Issue 60

Summer Reading

TOC Post ID from WordPress



Nick Flynn / Adam Johnson / Joan Silber
Editor's Note

The writer’s job is not simply to make the reader look at the world differently, but experience it in a new way. E.L. Doctorow says, “Good writing is supposed to evoke sensation in the reader—not the fact that it is raining but the feeling of being rained on.” In their stories, Jamie Quatro, Ken Calhoun, and Joan Silber take you inside three wonderfully strange families, bathing us in details that make us feel as if we are with them. That rain isn’t always a gentle summer shower. Sometimes it’s a storm. This is what Adam Johnson does in his artful and disturbing short story, “Dark Meadow.” In the simplest terms, the story is about child pornography. Yet Johnson, who won the 2013 Pulitzer Prize for his novel The Orphan Master’s Son, moves beyond the sensationalism of the conceit and into the deeper realm of empathy and pathos, which is the stuff of true art. I am proud that we are publishing it.

Wherever you are reading this—on the beach, in a field of flowers, on the subway, sneaking it at the office—we hope that you have moments where time stops and art takes over.

A note about the digital versions: If you read on a Kindle, use the Mobipocket edition; for all other e-readers, use the ePub edition.

Print orders ship free by media mail.

TOC Post ID from WordPress


Table of Contents


Jamie Quatro
Bedtime Story
Jess Row
The Ax
Joan Silber
About My Aunt
Manuel Gonzales
When We Realize We Are Broke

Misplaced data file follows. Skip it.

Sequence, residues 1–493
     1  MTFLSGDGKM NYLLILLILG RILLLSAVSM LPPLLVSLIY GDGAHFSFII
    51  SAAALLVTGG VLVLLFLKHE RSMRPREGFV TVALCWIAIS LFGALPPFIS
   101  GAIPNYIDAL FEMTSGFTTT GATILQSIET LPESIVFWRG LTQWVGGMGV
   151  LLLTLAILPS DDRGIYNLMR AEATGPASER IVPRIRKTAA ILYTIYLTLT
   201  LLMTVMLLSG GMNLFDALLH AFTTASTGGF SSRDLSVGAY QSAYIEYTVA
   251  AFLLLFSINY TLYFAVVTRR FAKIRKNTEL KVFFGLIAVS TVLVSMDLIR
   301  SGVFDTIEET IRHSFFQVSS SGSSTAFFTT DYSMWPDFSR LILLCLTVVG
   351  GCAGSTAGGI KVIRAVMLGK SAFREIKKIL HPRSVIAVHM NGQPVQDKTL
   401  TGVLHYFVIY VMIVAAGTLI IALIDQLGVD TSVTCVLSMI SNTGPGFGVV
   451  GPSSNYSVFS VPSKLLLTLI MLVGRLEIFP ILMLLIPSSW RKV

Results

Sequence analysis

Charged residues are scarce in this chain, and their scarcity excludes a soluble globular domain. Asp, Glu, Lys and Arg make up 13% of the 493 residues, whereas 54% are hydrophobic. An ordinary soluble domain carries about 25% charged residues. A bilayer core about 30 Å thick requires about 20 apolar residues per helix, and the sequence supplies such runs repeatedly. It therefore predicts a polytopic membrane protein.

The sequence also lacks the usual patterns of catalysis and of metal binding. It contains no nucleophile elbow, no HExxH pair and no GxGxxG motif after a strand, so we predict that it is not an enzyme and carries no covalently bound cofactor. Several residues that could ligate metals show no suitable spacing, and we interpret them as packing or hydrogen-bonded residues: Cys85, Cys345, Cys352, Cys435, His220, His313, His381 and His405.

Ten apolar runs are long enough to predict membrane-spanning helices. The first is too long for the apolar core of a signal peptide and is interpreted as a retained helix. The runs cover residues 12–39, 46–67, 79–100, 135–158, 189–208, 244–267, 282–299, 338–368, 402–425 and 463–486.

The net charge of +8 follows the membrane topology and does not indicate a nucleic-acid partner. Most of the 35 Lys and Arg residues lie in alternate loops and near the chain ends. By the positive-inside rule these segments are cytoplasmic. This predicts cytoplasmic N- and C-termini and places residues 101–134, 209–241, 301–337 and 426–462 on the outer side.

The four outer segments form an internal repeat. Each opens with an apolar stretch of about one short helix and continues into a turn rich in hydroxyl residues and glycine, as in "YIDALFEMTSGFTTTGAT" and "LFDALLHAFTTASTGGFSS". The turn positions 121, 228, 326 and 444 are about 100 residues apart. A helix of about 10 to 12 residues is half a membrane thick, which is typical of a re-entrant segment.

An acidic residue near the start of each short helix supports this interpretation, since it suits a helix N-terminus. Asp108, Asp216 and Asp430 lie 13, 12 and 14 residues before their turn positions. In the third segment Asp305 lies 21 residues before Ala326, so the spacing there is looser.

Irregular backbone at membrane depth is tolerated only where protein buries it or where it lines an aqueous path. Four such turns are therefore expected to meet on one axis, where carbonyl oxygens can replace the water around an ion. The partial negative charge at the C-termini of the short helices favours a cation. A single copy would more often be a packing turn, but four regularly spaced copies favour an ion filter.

Jonathan Lee
Before the Bombing
Kenneth Calhoun
Primal Scenes
Adam Johnson
Dark Meadow
Antonio Tabucchi
translated by Martha Cooley and Antonio Romani


Morgan Parker
Poem Made of Empty Prescription Bottles from the Garbage in Front of Bill Murray’s House
Matthew Rohrer
Monica McClure
White Girl Wasted
Rebecca Wadlinger
A Highly Pleasurable Feeling
Communal Brains
Nick Flynn
Once the Elephant Is Gone
The Incomprehensibility
Meg Freitag
A Course in Miracles
What Small Death Shines Up from the Dirt
Francesca Chabrier
from The Axioms
Michael McGriff
Walking the Property Line
I Am an Ox in the Year of the Horse

New Voice Poetry

Will Butler
Oyster Bar
Jen Levitt
Lena Dunham’s Girls
Modern Poem


Kent Russell
Greet the Enemy
Wayne Koestenbaum
Odd Secrets of the Line


Karl Ove Knausgaard

Lost & Found

Aaron Hamburger
On Frank Sargeson’s The Collected Stories of Frank Sargeson
Mesha Maren
On Maryse Holder’s Give Sorrow Words
Shawn Vandor
On Norman Mailer’s Of a Fire on the Moon
Heather Hartley
On Sophia Loren’s In the Kitchen with Love
Katie Arnold-Ratliff
On Tess Slesinger’s On Being Told That Her Second Husband Has Taken His First Lover

Readable Feast

Elizabeth Reichert
Who’s Afraid of Boeuf En Daube?